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“A man tells his stories so many times that he becomes the stories. They live on after him, and in that way he becomes immortal.” – Will Bloom

The story revolves around a dying father and his son, who is trying to learn more about his dad by piecing together the stories he has gathered over the years. The son winds up re-creating his father’s elusive life in a series of legends and myths inspired by the few facts he knows. Through these tales, the son begins to understand his father’s great feats and his failings. (IMDB)

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“They say when you meet the love of your life, time stops, and that’s true.” – Edward Bloom

An 8/10 for Big Fish. This is a Tim Burton film, and certainly one of his finest films. While you can see it is a Burton flick due to the fantastical presentation of things, the story reels you in more effectively than many he has told recently, resonating with you when all is said and done. Big Fish boasts a phenomenal cast and they all bring the goods to the table effortlessly. Helena Bonham Carter was, as always, incredibly impressive. There was plenty of humour to go around in this movie without it getting old or too extremely cheesy or feeling too forced, but not enough for it to take front and centre stage either. Jessica Lange was perfectly cast to play Sandra K Bloom, she was beautiful, sweet, caring and a wonderful mother and loyal wife. Alison Lohman could conceivably have been her when she was younger, and I liked that you could see that Lange had grown from the woman that Lohman was. Ewan McGregor was fantastic to watch as the young Edward Bloom, and wove an impressive story, undertaking to show you something whimsical if only you would accompany him on his journey. Billy Crudup played the embittered and frustrated son that still loves his father though he does not like him very much. He played that well and was convincing. At times I could understand his frustration, and then at other times I thought it was excessive. The costume design was just amazing in here, telling a story completely on its own. I like how the movie explored reconciliation (without it being some serious overkill crap) and how people identify things differently, and the truth is simply how something is perceived.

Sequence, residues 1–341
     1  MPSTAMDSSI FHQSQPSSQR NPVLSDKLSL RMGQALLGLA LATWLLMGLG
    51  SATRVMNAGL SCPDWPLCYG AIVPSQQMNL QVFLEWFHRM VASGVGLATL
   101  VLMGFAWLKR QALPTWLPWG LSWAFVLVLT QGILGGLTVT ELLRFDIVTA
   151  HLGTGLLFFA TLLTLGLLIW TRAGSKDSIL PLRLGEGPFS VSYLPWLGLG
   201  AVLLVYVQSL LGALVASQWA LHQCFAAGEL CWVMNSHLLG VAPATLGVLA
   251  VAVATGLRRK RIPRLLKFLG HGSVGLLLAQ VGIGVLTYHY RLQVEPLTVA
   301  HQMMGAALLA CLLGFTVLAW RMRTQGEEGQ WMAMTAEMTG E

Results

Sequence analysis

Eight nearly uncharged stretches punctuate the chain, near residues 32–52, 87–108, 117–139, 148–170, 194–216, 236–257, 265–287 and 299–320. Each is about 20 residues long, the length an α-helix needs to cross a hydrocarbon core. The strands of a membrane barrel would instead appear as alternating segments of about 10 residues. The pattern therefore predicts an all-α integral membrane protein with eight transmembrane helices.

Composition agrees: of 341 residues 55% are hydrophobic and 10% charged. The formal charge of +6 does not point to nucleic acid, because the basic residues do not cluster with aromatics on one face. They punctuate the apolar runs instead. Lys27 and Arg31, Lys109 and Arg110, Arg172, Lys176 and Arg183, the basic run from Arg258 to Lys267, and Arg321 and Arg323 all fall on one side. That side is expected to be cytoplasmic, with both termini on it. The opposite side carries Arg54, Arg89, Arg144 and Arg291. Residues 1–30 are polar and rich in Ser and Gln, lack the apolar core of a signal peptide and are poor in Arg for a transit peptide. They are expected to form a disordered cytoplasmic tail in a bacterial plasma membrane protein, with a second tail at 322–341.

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“I don’t think I’ll ever dry out.” – Sandra Templeton

There were so many scenes that were just put together so well and were just beautiful. I loved the scene where the young Edward Bloom finally sets eyes on a young Sandra Templeton and instantly falls in love. Time stops and it just lingers there, and he walks through it. Everything is frozen around him, the popcorn hangs in the air and gets brushed aside, he steps through hoops to get to her, the whole time completely enthralled, and the next thing you know time catches up, double time. It was just such an arrestingly beautiful scene and demands your attention, that you watch it and see how it all comes together. There are a few of these. This is also a beautiful story of true love and how it can last, how sometimes things just are perfect in life, and that is just that.  The score worked for this movie, too, but I must say is rather forgettable when all is said and done at the end of the day. Typical Danny Elfman/Tim Burton collaboration, and that is by no which means said in a demeaning manner. Big Fish is inspiring, though at times it gets annoying to watch father and son arguing all the time. Albert Finney was great to play the old man that Edward Bloom became. It was a lovely journey to follow through, to see what the son thought of his father and his stories, to see how he desperately just wanted the truth and was willing to dig for it, and how his father was just a passionate storyteller who loved his son, no matter what his son thought of him.

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“Everybody’s there, and I mean everybody. And the strange thing is, there’s not a sad face to be found, everyone’s just so happy to see you.” – Will Bloom

I must say that the present day storytelling was nice in the movie, but I was much more excited for and taken by the wonderful past experiences that Edward had to tell, the outline of his youth, the things that he had done, the places he had gone, the people he had met. They were insanely interesting and even though the tales are tall and a little ludicrous, when they are told the way they were laid out here, one is almost willing to forget that the movie is supposed to be deeply steeped in realism, and go out on a whim that Edward had the magical experiences that he proclaimed to. However, when the present rolls around again and you see it all as it is, that is when you know that he cannot seriously be telling the truth, everything is so plain and boring outside of his mind. Big Fish is a beautiful and stunning story, with an enchanting fairy tale element to it that works on many levels; this movie is definitely worth checking out if you have not done so already!